New Zealand is unlikely to lift its border restrictions soon. It bars access to non-citizens and non-residents, and requires those allowed to enter the country to quarantine themselves.


South Korea already has a green lane arrangement for business travellers from Singapore since early last month, and South Korea's Ministry of Foreign Affairs said it will consider opening up to other travellers after ensuring the "smooth implementation" of fast-track procedures.

The Singapore office of the Korea Tourism Organisation has already received many inquiries from travel agencies, hotels and other tourism-related partners, said its director Charles Lim. He added that his office is making efforts to ensure that an air travel bubble on leisure travel between both countries can be achieved as soon as possible.


Hong Kong has initiated talks with 11 jurisdictions, including Singapore, Japan, Thailand, Australia and New Zealand, on a travel bubble as the local travel industry has called for residents to be allowed to travel abroad without the need for quarantine at destination countries and upon returning home.

Hong Kong planned to have a travel bubble with Guangdong province in China and neighbouring Macau, but the initiative stalled due to a spike in Covid-19 cases in July and August in the Asian financial hub.

The number of cases has since stabilised and, to boost visitors' confidence in the city, Hong Kong has launched a hygiene protocol for tourism-related industries.


Thailand has among the lowest number of confirmed cases in Asia, with just over 3,600 cases. The kingdom was due to welcome its first batch of foreign tourists this month but this has been delayed due to what tourism officials describe as administrative issues.

Thailand's Foreign Ministry said it has reached out to Japan, China, South Korea, Singapore and Hong Kong to negotiate special travel arrangements. These countries and territories were selected for, among other reasons, their "robust" public health system, success in reducing local transmissions and strong economic cooperation with Thailand.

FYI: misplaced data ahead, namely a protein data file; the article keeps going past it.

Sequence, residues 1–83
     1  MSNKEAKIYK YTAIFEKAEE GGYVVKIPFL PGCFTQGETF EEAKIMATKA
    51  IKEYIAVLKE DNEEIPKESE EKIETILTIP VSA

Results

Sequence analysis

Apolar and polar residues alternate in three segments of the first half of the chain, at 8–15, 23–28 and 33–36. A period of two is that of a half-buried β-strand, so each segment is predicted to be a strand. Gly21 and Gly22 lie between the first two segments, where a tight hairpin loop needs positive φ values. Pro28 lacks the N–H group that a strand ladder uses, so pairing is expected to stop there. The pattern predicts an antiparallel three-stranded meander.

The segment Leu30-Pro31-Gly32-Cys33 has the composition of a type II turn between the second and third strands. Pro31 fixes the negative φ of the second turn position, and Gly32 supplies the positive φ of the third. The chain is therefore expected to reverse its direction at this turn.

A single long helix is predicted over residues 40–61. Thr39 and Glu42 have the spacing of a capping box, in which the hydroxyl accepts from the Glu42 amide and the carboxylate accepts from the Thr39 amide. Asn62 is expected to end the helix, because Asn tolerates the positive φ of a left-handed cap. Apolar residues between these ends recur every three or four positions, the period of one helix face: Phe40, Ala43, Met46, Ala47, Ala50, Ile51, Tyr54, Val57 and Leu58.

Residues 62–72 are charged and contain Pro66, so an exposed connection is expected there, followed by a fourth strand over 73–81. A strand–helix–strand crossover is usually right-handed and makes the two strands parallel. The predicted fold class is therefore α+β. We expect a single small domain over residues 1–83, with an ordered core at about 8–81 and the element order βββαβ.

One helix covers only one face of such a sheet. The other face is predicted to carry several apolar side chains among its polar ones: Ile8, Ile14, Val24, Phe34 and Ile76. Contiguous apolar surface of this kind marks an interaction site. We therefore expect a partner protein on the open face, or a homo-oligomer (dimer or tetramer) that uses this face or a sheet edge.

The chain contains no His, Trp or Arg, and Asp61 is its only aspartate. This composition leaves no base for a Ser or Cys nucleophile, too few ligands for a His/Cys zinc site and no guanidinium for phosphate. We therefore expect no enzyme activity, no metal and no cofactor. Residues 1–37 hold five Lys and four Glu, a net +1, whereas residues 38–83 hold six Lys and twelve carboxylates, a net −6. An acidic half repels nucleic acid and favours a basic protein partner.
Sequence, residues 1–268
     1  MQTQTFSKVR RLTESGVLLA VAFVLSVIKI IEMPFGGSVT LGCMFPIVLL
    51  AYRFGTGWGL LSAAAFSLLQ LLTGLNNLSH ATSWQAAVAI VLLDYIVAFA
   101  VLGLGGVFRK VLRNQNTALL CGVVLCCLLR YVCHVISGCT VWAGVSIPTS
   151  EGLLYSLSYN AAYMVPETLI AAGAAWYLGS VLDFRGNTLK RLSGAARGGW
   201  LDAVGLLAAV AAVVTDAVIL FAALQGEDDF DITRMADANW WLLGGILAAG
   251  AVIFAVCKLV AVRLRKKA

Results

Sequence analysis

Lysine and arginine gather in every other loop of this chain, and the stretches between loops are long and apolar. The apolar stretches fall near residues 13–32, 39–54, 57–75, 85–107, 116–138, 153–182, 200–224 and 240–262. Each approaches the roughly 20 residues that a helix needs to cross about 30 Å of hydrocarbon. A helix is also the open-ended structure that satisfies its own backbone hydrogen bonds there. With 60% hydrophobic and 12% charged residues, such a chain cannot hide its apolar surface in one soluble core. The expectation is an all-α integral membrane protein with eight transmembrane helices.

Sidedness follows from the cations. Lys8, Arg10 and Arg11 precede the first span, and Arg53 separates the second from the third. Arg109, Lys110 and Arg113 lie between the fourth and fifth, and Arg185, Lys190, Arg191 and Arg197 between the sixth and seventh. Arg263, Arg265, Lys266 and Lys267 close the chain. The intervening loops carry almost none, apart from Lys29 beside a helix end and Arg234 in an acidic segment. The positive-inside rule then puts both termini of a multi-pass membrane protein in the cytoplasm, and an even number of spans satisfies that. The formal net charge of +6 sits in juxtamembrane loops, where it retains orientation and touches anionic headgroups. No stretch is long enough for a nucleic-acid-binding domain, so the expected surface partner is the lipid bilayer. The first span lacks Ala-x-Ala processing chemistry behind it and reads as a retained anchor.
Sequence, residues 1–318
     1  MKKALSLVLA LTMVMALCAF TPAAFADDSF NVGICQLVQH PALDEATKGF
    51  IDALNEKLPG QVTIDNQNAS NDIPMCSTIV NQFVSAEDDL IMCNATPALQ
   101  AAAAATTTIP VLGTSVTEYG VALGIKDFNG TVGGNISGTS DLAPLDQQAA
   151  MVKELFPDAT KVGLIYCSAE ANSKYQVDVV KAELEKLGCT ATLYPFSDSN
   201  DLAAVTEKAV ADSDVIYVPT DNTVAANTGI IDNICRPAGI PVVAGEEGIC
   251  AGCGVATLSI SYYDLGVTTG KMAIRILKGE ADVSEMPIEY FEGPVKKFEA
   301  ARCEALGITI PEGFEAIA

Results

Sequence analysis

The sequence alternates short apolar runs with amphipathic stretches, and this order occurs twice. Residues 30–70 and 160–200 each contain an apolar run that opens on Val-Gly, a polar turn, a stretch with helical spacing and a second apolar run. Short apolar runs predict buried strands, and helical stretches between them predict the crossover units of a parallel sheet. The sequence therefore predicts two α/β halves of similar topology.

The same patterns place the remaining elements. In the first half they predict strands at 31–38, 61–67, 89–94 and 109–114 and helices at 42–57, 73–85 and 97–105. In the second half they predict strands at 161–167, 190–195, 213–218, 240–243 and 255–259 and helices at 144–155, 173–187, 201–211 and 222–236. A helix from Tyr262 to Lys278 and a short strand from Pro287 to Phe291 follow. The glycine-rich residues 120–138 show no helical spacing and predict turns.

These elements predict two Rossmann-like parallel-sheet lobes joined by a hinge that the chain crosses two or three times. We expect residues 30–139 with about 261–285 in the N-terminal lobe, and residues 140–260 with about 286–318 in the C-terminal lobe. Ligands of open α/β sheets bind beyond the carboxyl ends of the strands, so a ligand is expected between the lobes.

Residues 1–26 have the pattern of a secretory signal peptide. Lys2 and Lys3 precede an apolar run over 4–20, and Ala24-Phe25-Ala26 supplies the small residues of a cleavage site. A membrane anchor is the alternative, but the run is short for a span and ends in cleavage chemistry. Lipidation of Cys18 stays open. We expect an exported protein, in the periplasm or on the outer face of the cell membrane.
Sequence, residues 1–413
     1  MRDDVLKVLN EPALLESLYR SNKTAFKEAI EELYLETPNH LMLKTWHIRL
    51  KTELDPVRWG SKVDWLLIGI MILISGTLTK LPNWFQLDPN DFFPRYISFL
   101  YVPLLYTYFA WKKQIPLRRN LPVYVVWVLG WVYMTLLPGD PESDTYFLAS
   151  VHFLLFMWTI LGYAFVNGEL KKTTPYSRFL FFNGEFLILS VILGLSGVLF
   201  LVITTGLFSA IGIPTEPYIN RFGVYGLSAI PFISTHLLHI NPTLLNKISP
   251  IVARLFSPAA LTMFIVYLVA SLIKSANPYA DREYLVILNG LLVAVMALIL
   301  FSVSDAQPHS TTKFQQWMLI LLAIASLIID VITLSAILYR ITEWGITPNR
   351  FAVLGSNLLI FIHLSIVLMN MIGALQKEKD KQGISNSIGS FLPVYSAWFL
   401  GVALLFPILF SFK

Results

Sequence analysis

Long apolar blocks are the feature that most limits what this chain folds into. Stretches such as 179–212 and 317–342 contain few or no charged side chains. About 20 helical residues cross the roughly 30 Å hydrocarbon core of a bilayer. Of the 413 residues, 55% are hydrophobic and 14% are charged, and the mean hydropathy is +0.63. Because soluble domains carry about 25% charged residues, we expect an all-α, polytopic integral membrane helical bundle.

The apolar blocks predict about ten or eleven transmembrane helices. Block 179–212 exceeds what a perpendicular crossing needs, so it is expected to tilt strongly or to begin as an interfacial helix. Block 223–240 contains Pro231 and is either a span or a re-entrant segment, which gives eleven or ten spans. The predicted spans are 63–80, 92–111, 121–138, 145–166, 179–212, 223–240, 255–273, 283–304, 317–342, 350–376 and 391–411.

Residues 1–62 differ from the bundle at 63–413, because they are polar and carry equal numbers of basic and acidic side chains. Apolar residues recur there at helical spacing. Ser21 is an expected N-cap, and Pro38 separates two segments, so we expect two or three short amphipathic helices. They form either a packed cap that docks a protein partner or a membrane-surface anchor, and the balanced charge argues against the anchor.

Japan is unlikely to resume leisure travel - including through a travel bubble - soon, even though observers believe this will give a much-needed fillip to its tourism industry.

While policies like "leisure travel bubbles" will naturally save the flagging tourism industry, Toyo University tourism management expert Kazuaki Sasaki said the industry will immediately become "social pariahs" if there is a spike of Covid-19 cases.

While a relaxation on the ban on leisure visitors is not on the horizon, the Yomiuri daily reported last Thursday that Japan will lower its travel warnings for 12 places, including Singapore, starting next month.

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A version of this article appeared in the print edition of The Straits Times on October 12, 2020, with the headline How the region is responding to S'pore's idea of air travel bubbles. Subscribe